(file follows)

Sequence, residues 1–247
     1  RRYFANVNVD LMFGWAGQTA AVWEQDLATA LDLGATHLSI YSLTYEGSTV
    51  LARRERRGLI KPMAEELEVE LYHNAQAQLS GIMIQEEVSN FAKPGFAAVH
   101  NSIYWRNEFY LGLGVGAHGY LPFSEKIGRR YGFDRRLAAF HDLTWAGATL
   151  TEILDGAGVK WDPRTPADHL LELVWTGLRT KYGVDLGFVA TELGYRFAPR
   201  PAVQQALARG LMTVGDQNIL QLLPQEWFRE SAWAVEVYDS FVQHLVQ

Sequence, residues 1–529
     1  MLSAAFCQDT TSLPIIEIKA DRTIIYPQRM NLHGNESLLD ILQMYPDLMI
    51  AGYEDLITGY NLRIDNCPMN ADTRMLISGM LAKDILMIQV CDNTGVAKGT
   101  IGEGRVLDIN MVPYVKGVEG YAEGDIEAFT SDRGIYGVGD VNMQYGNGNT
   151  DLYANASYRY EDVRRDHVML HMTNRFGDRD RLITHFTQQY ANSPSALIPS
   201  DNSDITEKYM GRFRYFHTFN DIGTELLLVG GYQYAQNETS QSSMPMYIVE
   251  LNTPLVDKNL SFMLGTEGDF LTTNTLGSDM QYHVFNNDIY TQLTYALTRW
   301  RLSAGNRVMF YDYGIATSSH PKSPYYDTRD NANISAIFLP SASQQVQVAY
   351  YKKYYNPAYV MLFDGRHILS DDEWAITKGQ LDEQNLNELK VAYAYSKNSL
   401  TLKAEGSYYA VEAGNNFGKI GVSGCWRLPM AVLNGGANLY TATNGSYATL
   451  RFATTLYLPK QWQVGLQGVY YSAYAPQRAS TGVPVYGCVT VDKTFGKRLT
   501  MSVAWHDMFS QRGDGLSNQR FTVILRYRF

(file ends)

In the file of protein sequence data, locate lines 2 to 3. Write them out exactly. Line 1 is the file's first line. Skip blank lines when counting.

     1  RRYFANVNVD LMFGWAGQTA AVWEQDLATA LDLGATHLSI YSLTYEGSTV
    51  LARRERRGLI KPMAEELEVE LYHNAQAQLS GIMIQEEVSN FAKPGFAAVH